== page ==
You can try to tweak it with softening tools in post production software (time consuming) but the results will look worse than on a regular camera with proper optical low pass filtering. In other words, once you get a large area of moire on your files, good luck with it !

macjonny1 Regular Member • Posts: 147
Re: Some thoughts on the D800 vs. the D800E. Most of us better off with D800.

I've shot a lot with a Leica M9 in all kinds of settings and it has never been an issue. All you folks running scared from the D800E will regret it in the end. The lack of an AA filter on the M9 is something that really makes the sensor special, and the D800E is going to blow it away.

Raul Veteran Member • Posts: 7,899
Have you ever taken the AA off one of your cameras?
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Lihkin
Lihkin Senior Member • Posts: 2,439
Did see you see the posts with some Leica M9 samples?

http://forums.dpreview.com/forums/read.asp?forum=1021&message=40572979

It does look pretty bad. I guess one just needs to be informed of what they are getting when order the D800E. I for one would not like to deal with this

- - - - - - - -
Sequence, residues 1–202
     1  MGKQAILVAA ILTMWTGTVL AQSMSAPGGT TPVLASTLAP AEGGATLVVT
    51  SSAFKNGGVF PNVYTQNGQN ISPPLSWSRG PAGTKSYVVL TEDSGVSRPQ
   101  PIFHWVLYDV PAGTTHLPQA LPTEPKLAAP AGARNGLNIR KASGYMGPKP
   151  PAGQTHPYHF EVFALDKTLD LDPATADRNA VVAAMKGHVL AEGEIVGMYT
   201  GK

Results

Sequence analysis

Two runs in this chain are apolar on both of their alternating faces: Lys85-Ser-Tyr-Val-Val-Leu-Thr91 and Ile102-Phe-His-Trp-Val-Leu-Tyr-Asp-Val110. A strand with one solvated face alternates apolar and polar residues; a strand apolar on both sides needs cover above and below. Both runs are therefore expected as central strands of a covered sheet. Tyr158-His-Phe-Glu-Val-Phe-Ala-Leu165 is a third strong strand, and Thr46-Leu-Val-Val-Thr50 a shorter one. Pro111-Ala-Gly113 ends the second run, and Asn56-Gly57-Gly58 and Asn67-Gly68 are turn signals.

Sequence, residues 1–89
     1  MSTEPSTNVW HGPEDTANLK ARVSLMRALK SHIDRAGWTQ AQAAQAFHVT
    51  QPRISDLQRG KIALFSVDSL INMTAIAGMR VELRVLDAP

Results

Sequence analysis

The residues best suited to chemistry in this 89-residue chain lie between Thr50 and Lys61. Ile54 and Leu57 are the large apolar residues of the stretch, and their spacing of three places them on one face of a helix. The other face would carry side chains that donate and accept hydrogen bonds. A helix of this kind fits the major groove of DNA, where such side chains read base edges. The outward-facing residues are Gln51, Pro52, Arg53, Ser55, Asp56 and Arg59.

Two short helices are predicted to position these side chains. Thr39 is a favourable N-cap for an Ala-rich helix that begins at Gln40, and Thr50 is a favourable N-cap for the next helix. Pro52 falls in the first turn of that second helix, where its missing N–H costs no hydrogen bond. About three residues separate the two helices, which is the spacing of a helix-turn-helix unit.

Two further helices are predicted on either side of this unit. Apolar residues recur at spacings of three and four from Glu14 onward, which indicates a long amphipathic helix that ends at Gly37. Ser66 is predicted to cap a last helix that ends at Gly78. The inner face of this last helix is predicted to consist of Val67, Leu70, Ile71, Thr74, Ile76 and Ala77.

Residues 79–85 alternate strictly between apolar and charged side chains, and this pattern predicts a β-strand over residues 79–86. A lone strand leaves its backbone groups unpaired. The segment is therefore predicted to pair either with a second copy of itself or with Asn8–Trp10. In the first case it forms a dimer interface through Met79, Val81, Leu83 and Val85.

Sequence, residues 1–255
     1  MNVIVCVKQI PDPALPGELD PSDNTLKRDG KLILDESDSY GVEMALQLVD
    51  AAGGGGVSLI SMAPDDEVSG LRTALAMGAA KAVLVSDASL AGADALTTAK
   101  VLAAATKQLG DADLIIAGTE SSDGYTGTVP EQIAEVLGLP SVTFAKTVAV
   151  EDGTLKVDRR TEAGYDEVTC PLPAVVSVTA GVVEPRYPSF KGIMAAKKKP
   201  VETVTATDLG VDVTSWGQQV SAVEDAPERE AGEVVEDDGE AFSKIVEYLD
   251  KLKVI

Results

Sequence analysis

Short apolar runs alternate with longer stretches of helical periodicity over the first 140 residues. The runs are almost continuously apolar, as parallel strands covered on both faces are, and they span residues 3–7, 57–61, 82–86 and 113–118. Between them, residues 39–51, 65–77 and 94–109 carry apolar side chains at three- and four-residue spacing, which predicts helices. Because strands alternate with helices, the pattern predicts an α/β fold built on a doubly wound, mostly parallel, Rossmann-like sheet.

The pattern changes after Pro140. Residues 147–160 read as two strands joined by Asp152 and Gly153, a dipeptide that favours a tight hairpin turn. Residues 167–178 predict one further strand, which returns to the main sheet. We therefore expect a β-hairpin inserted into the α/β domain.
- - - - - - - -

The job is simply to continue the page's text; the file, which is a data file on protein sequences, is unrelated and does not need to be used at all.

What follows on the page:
Images from that post:
--------------------------------

Cheers,
-------
Nikhil
http://www.lihkin.net

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Deleted-pending Senior Member • Posts: 2,665
Re: Some thoughts on the D800 vs. the D800E. Most of us better off with D800.

macjonny1 wrote:

I've shot a lot with a Leica M9 in all kinds of settings and it has never been an issue. All you folks running scared from the D800E will regret it in the end. The lack of an AA filter on the M9 is something that really makes the sensor special, and the D800E is going to blow it away.

Time will tell, but I expect the D800E to produce heavy moire in the video mode. And with moving frames, this will hurt the watcher's eyes ...

Frank Stein Regular Member • Posts: 364
Re: Some thoughts on the D800 vs. the D800E. Most of us better off with D800.

macjonny1 wrote:

I've shot a lot with a Leica M9 in all kinds of settings and it has never been an issue. All you folks running scared from the D800E will regret it in the end. The lack of an AA filter on the M9 is something that really makes the sensor special, and the D800E is going to blow it away.

That's kind of a childish statement. As has been pointed out many times, there are pluses and minuses on each side, 800 vs 800E. You already know them. There is no perfect solution.

I looked at a site with numerous Leica M9 images. I saw significant moire in a number of them. And these were landscape images, and that's what I photograph. This website contradicts what you say about the M9.